In Good Company – From a Fall Perspective: The Companion Planting Display Beds at the McConnell Arboretum & Gardens at Turtle Bay

This article was first published early this past spring when the garden was just waking up from its winter sleep. The plants are grown in so nicely and look remarkably different in just this one growing season that I felt I had to republish the piece. Different flowers are currently in full bloom, and the whole display area was extravagant with color when I visited recently. A great place to get ideas and see what plants can really do! Photo: A border along the public walkway before you reach the new Companion Planting Display beds shows how accomplished the McConnell Arboretum gardeners are with plant combinations. Here California Fuchsia blooms in front of a tall-form Sedum, which is backed by an silvery Artemisia – the overall impression is like a tapestry. It is also regionally appropriate, heat and drought tolerant.

Some things are just meant to go together: peanut butter and jelly; Acorus gramineus minimus ‘Aureus’ and Alchemilla mollis…..what??? Well, Grassy-leaved Sweet-Flag (Acorus gramineus minimus ‘Aureus’) a short, mounding, strappy leaved plant with a gorgeous lime-green color planted next to the ruffled-edged, saucer-shaped dark green leaves and the spikes of foamy-white flowers of Lady’s Mantle (Alchemilla mollis) – might just be a perfect plant combination. And finding new and great plant combinations is the goal of the new companion planting trial beds at the McConnell Arboretum and Gardens at Turtle Bay, says Lisa Endicott, Horticultural Manager at the gardens. Photo: One of the companion pairs intended by the McConnell Arboretum and Gardens is this between Carex barbarae (dun colored grassy plant at back) and Lysimachia c. ‘Atropurpurea’ (pale purple flower at bottom), however, plants (like people) have a way of forming their own companions no matter what the gardener intended. Here, the dark purple head of a Verbena adds a third and striking element to the combination.

Companion Planting as a concept is as old as mother nature – who routinely puts plants together that work well together and for the most part, they look good together, too. Companion Planting as handled by mortal gardeners is a technique used to see which plants that you might not expect to see together actually make great companions anyway. The success of their companionship is based on a variety of criteria: (Photo: Rosemary planted against a backdrop of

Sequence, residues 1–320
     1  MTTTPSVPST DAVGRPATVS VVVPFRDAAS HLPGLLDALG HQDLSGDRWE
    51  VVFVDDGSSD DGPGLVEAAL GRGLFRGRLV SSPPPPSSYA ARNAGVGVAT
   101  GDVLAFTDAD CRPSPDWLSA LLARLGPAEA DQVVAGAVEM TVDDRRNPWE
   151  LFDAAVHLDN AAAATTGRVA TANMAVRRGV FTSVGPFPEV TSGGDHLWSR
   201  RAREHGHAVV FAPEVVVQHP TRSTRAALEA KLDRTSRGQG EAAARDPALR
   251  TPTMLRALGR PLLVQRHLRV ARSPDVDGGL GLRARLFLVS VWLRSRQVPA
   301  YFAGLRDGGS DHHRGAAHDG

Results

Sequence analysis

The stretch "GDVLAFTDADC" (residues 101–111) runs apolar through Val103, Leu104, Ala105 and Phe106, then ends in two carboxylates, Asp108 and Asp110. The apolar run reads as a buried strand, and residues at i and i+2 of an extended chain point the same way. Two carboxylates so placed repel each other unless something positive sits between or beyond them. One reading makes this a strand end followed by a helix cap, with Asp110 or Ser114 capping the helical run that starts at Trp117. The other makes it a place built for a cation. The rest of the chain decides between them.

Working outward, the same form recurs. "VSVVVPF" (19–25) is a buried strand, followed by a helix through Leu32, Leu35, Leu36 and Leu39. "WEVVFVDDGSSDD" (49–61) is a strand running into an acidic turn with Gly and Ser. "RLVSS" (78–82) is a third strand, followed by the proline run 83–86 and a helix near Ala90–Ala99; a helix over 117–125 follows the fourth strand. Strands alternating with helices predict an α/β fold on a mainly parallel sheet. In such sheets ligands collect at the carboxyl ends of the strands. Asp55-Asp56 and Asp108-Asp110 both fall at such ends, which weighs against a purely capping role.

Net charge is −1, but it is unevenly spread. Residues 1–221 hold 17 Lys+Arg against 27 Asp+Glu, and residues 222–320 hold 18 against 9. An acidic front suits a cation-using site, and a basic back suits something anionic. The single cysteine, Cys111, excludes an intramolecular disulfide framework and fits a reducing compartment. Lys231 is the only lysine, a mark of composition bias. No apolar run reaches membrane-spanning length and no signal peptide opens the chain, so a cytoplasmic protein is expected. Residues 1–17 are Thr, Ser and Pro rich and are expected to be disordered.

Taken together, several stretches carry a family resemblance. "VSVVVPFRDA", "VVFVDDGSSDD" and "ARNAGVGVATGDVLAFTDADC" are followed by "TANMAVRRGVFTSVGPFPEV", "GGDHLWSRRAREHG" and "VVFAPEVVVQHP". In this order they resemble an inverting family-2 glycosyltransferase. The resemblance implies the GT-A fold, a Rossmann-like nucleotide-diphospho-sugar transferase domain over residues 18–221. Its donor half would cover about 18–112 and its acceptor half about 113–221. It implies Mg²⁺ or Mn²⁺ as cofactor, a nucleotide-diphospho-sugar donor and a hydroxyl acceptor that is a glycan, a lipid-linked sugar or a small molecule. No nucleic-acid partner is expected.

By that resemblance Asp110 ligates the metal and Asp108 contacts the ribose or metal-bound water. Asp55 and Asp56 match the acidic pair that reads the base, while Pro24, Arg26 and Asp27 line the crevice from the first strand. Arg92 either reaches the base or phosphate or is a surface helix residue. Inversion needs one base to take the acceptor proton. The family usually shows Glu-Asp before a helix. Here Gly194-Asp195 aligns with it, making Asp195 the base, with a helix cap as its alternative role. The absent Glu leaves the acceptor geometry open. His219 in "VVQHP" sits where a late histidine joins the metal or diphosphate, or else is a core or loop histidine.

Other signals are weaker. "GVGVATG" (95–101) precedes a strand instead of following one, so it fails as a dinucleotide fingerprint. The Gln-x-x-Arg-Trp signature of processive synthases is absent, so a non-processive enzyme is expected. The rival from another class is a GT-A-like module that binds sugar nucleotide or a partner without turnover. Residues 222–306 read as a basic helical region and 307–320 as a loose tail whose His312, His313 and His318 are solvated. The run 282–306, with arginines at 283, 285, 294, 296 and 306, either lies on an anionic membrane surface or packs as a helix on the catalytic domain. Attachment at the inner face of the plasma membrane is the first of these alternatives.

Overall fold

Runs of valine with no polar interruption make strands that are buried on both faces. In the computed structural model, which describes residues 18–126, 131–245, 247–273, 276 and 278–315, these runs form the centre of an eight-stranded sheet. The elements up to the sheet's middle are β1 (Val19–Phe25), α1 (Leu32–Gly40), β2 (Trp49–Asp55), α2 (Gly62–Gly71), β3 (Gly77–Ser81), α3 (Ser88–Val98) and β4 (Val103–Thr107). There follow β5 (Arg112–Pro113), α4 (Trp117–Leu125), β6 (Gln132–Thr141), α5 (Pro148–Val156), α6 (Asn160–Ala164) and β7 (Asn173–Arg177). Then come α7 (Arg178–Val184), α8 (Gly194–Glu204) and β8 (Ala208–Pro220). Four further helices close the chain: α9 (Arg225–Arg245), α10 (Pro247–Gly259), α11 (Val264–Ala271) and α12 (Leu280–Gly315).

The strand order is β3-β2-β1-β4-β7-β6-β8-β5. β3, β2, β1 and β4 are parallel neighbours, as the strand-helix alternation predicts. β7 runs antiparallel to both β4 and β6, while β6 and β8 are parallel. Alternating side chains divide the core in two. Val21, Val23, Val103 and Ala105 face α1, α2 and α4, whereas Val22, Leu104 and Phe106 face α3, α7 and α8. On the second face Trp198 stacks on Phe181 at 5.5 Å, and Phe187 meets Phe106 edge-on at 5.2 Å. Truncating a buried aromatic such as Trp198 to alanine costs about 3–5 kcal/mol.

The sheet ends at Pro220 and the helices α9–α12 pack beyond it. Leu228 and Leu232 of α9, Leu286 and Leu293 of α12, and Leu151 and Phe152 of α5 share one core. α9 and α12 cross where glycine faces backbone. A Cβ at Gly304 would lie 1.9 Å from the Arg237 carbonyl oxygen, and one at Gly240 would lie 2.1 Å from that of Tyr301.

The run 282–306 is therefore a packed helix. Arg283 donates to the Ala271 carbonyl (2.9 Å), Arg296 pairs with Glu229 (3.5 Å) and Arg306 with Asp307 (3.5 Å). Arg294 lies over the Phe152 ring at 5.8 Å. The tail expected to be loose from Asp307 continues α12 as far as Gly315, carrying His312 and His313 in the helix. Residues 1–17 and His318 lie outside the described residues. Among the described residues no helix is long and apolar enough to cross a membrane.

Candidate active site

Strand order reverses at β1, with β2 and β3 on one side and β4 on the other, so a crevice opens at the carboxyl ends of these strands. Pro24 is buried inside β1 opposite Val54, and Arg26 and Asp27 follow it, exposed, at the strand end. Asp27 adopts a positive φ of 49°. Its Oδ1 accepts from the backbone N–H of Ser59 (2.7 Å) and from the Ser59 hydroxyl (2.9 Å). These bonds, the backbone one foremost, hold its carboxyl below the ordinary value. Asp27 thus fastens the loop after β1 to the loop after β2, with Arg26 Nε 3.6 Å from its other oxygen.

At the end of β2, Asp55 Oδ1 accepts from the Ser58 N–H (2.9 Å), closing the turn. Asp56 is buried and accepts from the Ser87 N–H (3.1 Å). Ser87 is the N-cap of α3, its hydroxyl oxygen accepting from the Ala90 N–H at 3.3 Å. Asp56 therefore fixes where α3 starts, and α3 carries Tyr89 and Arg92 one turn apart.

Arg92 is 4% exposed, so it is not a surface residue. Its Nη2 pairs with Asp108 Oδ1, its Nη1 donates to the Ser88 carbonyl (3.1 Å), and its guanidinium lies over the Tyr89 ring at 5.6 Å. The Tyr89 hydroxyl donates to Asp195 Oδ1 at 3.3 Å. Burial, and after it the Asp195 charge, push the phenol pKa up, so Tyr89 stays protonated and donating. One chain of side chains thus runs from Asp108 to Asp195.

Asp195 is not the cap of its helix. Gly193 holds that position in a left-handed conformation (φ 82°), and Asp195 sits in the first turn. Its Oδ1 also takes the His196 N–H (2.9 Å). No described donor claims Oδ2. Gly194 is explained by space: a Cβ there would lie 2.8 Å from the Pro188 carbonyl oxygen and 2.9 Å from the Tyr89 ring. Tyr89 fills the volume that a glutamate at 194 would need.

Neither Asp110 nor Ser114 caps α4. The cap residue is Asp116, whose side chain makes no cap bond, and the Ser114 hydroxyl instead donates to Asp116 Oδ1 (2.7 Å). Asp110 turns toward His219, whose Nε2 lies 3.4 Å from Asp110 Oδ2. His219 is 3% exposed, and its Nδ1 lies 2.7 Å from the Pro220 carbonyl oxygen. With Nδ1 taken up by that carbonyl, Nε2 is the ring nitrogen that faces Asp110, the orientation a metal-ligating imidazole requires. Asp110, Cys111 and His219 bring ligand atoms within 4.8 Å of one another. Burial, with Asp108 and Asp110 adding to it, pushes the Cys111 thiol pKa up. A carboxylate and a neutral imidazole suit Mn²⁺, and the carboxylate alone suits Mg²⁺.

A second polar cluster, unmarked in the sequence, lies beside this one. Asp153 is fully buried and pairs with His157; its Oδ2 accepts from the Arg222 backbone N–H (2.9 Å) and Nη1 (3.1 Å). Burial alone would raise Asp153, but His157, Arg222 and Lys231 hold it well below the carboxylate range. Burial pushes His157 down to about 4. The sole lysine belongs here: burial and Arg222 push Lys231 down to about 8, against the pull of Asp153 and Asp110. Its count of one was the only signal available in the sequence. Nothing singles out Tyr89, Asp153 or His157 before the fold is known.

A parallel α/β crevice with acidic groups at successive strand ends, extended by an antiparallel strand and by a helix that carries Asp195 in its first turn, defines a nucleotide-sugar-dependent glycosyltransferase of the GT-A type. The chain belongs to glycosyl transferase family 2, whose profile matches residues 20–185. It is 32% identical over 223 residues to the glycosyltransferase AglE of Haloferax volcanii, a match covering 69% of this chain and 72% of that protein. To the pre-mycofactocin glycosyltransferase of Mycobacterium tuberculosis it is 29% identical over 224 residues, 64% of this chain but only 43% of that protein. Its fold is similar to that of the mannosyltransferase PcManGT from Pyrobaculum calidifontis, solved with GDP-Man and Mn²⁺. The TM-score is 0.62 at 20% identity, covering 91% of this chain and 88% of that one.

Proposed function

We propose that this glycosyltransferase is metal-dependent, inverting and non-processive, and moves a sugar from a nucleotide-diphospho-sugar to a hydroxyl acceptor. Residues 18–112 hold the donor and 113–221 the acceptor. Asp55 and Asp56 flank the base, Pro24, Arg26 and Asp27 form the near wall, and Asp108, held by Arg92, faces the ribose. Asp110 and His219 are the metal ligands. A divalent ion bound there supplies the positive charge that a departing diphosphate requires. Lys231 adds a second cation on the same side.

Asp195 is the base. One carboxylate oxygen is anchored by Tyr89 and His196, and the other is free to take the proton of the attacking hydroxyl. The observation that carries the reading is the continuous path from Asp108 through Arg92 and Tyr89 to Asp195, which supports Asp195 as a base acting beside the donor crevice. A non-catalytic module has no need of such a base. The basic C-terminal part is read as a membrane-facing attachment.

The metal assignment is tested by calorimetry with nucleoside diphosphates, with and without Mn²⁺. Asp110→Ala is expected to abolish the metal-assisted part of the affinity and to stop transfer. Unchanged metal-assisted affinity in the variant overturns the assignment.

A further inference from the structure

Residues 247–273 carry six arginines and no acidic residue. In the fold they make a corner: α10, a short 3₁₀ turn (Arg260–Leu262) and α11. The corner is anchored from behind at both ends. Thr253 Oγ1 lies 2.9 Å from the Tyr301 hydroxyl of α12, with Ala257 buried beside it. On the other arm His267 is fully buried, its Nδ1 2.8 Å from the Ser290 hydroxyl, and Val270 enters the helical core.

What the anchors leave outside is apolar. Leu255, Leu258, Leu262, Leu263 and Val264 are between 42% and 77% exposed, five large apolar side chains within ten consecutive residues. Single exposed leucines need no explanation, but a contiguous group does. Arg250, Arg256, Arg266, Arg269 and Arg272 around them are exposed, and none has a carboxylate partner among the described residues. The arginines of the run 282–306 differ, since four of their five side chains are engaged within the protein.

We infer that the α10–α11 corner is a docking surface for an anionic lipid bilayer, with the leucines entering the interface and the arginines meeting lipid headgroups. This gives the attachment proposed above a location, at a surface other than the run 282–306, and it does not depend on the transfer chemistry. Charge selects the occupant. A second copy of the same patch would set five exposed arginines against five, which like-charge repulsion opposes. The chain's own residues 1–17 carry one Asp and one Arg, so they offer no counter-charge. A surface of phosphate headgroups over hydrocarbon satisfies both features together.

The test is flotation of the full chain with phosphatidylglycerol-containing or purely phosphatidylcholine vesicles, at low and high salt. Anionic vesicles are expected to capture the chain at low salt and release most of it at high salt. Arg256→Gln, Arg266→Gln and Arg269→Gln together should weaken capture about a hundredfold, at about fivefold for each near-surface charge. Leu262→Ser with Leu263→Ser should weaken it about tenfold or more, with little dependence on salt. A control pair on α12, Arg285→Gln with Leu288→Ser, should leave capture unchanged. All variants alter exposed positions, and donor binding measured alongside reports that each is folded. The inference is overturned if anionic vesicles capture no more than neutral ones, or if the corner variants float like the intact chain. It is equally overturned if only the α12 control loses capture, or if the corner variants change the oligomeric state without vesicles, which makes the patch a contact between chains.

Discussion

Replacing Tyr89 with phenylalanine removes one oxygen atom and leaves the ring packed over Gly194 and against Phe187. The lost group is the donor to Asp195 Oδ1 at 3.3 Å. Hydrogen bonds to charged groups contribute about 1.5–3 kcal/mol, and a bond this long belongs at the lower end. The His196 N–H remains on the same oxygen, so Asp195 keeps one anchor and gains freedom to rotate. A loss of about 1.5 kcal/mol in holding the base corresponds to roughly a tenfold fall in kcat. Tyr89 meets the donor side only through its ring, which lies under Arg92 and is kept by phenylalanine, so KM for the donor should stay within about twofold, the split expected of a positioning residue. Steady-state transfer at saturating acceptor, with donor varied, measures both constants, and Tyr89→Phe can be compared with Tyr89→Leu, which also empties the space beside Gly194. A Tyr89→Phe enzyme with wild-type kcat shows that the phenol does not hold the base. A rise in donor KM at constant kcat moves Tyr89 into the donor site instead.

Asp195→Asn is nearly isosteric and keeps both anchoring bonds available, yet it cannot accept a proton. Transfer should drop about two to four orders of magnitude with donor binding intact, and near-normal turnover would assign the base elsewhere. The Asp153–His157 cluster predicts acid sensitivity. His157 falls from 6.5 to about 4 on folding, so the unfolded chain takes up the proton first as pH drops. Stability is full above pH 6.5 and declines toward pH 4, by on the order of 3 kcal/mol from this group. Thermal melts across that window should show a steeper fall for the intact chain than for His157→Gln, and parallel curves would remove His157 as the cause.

the dramatic Muhlenbergia lindheimeri.

1. Do they look good together in terms of contrasting or complementing in an interesting and appealing way? Like the foliage contrast described above might do;

2. Do they form some kind of beneficial/symbiotic relationship with one another? For instance, it is long believed that marigolds planted around the edges of your vegetable beds will help to deter pests from your vegetables. As the complex life of soil and its world of micro-organisms and micro-nutrients is better understood, it is clear that some plants form beneficial nutrient-providing relationships with one another. This is the basis behind planting beans or peas in the in the same place you had your tomatoes planted – because tomato plants require large amounts of nitrogen from the soil, and peas and beans re-fix nitrogen back into the soil as part of their life-cycle. So they make perfect follow-up companions.

3. Do they have similar requirements in terms of water/soil/exposure/food even though they might originate from different parts of the planet?

These are some of the issues that Lisa and her staff wanted to consider when they began planning and installing their Perennial Companions Display Garden trial beds in 2007. “It’s so difficult to look at a perennial plant in a pot at a nursery and be able to visualize what it will like when it grows up in the garden, and even more difficult to visualize what it might look like next to another plant – especially if you’ve never heard of either one of them,” Lisa said as we walked the Companion Planting beds last fall. “We wanted a section of the garden devoted to experimenting – so we as the gardeners could try new combinations and so that visitors could see the results along with us. We hope, we will all get new ideas and information from the trials!” BEST PART OF ALL? these beds are not inside the paid portion of the gardens – they are open to the public at all hours of the day – just across the Sundial Bridge from the Exploration Park part of Turtle Bay and on your left as you head to enter the main portion of the gardens. The Perennial Companion Display Garden beds are tucked in behind a hedge of manzanita – and a portion of the beds are beneath a small shade structure, so that the gardeners could experiment with shade-loving plants (and people), too. Photo: The tall blue flowers of Penstemon heterophyllus interplay nicely against the silvery-yellow of Artemisia californica.